Prairie dogs are not dogs at all but ground dwelling squirrels, whose name is derived from their dog-like barking calls. The five species are native to the grasslands and prairies of North America. These very social rodents live in often enormous, but well structured, colonies called towns, all sharing a complex system of underground burrows. When a predator approaches, alarm calls are emitted by sentries who perch on mounds of earth. Different calls are used to identifiy different types of predator.
Scientific name: Cynomys
The shading illustrates the diversity of this group - the darker the colour the greater the number of species. Data provided by WWF's Wildfinder.
The Prairie dogs can be found in a number of locations including: North America. Find out more about these places and what else lives there.
The following habitats are found across the Prairie dogs distribution range. Find out more about these environments, what it takes to live there and what else inhabits them.
Discover what these behaviours are and how different plants and animals use them.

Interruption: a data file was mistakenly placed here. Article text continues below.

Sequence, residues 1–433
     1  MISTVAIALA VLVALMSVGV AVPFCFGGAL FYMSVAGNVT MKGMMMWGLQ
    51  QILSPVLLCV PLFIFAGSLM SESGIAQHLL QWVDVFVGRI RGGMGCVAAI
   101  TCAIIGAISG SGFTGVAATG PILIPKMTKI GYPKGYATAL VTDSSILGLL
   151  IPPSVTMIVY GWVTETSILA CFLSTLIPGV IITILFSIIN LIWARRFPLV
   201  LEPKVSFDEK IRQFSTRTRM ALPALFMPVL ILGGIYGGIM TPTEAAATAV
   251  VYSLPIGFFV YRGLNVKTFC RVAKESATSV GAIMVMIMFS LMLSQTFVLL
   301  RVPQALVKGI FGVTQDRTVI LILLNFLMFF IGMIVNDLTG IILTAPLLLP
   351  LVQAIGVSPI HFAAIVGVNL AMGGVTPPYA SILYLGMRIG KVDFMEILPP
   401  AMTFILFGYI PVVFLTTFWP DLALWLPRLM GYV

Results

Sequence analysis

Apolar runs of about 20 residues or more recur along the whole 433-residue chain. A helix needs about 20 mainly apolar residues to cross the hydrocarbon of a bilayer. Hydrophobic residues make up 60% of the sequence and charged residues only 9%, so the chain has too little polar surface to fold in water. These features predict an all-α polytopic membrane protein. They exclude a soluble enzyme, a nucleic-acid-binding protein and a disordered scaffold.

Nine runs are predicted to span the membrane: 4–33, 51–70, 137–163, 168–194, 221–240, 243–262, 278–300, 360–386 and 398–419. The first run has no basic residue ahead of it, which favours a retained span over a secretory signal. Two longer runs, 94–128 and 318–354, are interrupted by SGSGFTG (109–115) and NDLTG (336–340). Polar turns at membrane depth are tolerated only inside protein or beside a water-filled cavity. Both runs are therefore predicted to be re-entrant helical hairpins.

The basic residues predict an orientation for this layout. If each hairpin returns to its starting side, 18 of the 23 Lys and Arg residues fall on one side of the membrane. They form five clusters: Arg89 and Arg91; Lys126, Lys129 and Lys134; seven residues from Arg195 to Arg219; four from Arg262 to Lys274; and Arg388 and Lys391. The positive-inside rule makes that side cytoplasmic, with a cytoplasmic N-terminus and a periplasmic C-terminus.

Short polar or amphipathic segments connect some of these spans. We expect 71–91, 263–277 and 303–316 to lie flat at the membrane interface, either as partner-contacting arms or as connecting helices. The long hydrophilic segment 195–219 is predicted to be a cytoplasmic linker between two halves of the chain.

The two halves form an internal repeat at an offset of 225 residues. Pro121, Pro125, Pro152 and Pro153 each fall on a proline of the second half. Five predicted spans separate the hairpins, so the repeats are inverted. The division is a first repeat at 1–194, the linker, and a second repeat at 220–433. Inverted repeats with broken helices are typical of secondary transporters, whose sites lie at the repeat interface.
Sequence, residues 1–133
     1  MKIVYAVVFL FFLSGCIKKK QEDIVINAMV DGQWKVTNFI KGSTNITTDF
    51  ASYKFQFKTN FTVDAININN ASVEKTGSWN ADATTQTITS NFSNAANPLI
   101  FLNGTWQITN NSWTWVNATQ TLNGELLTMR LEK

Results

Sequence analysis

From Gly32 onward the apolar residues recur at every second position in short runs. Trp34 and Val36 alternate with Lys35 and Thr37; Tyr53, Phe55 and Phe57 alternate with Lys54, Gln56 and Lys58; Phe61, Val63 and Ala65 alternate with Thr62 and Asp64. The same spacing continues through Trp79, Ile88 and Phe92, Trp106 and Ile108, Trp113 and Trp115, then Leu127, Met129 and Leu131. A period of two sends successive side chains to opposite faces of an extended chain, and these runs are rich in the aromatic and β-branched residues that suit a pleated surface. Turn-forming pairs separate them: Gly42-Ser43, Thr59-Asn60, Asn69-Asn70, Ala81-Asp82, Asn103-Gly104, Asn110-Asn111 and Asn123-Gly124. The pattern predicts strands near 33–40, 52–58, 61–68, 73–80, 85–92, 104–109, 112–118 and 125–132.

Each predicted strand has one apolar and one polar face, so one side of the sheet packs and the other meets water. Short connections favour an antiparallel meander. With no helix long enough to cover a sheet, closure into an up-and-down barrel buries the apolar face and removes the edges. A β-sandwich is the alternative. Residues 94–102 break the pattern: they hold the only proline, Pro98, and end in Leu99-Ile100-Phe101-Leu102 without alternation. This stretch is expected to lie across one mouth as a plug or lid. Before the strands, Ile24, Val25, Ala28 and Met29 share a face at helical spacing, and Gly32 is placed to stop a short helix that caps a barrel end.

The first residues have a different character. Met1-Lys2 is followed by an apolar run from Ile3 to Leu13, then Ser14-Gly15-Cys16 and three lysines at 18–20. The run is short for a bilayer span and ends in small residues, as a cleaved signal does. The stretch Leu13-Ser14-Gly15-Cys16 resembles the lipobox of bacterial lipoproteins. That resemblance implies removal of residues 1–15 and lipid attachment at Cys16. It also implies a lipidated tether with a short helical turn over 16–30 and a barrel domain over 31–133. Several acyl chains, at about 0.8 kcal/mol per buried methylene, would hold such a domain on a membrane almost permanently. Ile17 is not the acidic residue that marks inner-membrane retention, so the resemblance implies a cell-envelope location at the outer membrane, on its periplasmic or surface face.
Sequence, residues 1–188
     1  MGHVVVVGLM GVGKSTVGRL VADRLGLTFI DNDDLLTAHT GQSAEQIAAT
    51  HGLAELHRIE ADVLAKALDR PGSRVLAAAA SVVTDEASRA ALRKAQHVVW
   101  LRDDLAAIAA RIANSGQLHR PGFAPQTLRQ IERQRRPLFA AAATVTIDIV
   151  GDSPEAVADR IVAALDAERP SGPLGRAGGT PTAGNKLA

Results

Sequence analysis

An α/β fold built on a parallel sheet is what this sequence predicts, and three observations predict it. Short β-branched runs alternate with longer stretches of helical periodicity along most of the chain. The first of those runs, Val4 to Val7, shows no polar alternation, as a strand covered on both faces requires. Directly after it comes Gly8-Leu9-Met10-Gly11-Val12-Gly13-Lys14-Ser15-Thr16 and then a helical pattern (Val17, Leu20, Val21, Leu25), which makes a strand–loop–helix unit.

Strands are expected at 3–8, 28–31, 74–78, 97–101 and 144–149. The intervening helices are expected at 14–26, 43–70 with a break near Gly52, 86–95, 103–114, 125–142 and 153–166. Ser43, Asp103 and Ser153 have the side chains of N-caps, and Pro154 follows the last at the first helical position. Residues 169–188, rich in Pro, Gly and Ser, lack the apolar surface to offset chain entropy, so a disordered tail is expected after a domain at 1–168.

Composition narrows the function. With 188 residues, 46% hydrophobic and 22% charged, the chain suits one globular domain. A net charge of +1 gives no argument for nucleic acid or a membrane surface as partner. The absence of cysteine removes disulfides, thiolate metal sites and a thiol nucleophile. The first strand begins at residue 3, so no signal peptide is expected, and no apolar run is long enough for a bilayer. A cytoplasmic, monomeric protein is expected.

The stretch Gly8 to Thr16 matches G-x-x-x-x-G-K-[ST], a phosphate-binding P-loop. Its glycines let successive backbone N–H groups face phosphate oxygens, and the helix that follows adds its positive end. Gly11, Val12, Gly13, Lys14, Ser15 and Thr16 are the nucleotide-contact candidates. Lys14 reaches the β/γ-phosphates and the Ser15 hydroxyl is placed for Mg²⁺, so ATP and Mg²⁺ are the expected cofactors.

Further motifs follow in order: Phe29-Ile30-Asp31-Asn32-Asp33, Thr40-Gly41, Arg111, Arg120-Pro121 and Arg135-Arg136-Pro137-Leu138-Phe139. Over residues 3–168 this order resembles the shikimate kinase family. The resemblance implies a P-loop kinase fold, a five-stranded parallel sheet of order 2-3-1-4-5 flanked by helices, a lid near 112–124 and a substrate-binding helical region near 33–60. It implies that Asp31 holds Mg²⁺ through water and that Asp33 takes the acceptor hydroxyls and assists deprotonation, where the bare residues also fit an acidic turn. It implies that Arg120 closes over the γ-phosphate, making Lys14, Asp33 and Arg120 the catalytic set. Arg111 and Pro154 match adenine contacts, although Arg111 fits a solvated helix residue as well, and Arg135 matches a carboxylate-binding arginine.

Additional data source: Animal Diversity Web
Prairie dogs (genus Cynomys) are burrowing rodents native to the grasslands of North America. The five different species of prairie dogs are: black-tailed, white-tailed, Gunnison's, Utah, and Mexican prairie dogs. They are a type of ground squirrel, found in the United States, Canada and Mexico. In Mexico, prairie dogs are found primarily in the northern states, which lie at the southern end of the Great Plains: northeastern Sonora, north and northeastern Chihuahua, northern Coahuila, northern Nuevo León, and northern Tamaulipas. In the US, they range primarily to the west of the Mississippi River, though they have also been introduced in a few eastern locales. They are herbivorous.
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